Gamelan Music is used to accompany dance and puppet shows. The dances have either a traditional, royal, or religious significance. The wooden puppet shows, Wayang Gullet, and the leather shadow puppet shows, Wayang Kullet, tell the stories from the Ramayana Copyright - Peter Wallackand Mahabrata, which are Hindu moral bible-type stories to teach good and evil. However, the only Hindus in Indonesia are the Balinese but the majority which is Islamic in name seems to have influences of Buddhism from the Chinese Colonial period and Hinduism from the Indian Colonial period as well as their Islamic traditions from their continuing Islamic Colonial period

Gamelan Music uses brass and wooden percussion instruments like a xylophone and the sounds they make sound like waterfalls. Perhaps this is the result of combining several cultural musical backgrounds.

The Hindus of Bali have outdoor Temple compounds made up of many small and medium sized temples, which are, really alters to their Gods.

One of my all time favorite images is of a mother, in a small village near one of Java's Volcanoes, whose flow is controlled by cement flow dams made with hand tools and a cement mixer, feeding a baby using a palm leaf as a plate and a part of that leaf as a spoon.Copyright - Peter Wallack The smiles on their faces and their lovely peacefulness seem to best represent the aspect of my experience there. The old women with enough poise and presence to look at me right through the camera also showed me a strength of personality which only comes to those who have worked hard and long at a simple but labor intensive live.

I was very lucky to actually show up at the village of Sabatu in Bali where the old man praying in the Hindu temple, already mentioned was taken, and where at the end of the day adult young men on a sand square performed a very wonderful dance; the sand on which the dance was performed was as clean as an oriental carpet.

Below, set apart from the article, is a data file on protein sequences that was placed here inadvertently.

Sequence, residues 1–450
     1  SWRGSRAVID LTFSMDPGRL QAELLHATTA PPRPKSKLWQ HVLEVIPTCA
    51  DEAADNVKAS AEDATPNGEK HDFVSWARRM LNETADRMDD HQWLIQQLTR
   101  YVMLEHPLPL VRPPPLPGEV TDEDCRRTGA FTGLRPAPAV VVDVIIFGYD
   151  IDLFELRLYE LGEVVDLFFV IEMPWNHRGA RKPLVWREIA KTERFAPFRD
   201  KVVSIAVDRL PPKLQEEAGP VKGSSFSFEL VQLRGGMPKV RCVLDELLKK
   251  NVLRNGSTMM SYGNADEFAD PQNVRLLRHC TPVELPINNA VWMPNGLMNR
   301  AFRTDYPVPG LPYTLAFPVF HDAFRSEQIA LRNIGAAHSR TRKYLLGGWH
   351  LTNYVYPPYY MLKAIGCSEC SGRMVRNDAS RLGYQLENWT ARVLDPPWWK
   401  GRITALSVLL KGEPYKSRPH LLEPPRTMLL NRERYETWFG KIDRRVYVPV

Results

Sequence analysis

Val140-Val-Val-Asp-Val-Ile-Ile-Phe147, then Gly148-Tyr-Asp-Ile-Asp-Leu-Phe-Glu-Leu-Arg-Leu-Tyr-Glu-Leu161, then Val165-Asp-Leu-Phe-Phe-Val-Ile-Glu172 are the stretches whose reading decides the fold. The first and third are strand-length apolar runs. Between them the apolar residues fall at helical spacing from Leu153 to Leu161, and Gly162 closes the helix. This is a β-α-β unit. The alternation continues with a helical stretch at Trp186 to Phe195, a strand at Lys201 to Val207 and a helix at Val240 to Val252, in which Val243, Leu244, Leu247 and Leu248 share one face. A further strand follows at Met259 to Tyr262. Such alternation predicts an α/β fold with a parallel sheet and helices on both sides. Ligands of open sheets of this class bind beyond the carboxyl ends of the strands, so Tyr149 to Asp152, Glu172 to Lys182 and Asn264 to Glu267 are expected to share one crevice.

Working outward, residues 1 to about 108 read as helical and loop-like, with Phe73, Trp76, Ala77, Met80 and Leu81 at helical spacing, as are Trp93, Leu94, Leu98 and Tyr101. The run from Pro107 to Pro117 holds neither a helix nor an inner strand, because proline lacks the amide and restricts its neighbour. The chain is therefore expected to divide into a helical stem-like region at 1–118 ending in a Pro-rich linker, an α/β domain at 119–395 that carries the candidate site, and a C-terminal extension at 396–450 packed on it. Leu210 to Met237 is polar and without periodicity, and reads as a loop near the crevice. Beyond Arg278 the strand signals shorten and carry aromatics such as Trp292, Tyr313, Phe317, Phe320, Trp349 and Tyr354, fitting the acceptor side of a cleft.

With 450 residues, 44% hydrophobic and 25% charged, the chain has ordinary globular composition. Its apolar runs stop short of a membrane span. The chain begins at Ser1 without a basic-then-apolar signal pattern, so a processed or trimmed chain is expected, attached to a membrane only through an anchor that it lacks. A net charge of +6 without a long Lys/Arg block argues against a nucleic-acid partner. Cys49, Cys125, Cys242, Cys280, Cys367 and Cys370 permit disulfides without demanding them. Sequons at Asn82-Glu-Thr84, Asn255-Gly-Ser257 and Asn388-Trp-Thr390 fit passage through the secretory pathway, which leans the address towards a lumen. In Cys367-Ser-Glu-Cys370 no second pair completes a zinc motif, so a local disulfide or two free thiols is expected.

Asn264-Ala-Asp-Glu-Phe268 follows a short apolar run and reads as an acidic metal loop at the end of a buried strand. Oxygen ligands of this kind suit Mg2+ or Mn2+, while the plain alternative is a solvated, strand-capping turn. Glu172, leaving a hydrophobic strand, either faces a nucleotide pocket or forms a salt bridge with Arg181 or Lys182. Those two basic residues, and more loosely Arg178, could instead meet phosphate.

Copyright - Peter WallackIf all this has made a less advanced people on the technical scale seem to have some attributes more advanced than ours than I have completed my mission. Look and study other cultures for there are ideas of the good life, not our own, that are there as well as here.

About the Author: Peter started taking photographs for academic slide shows in the early 70s and ended up in Soho Photo Gallery by the late 70s. Cooperative Galleries and Art Shows were his forums for landscapes with man, landscapes, and world cultures images. By the 90s so much of his work was world cultures in developing lands that he called his business "Ends of The Earth Photography". In 1999, after contracting to buy his retirement house in Sanibel Island, Florida, a paradise for bird photographers, he transformed himself into a bird photography with a little help from other professional bird photographers.

Peter will have his writings and images in Nature Photographer, Winter 2002, and regularly in Sanibel's Nature Guide.

You can see more of Peter's work in his Profotos Portfolio:
Click to see Peter's Profotos Portfolio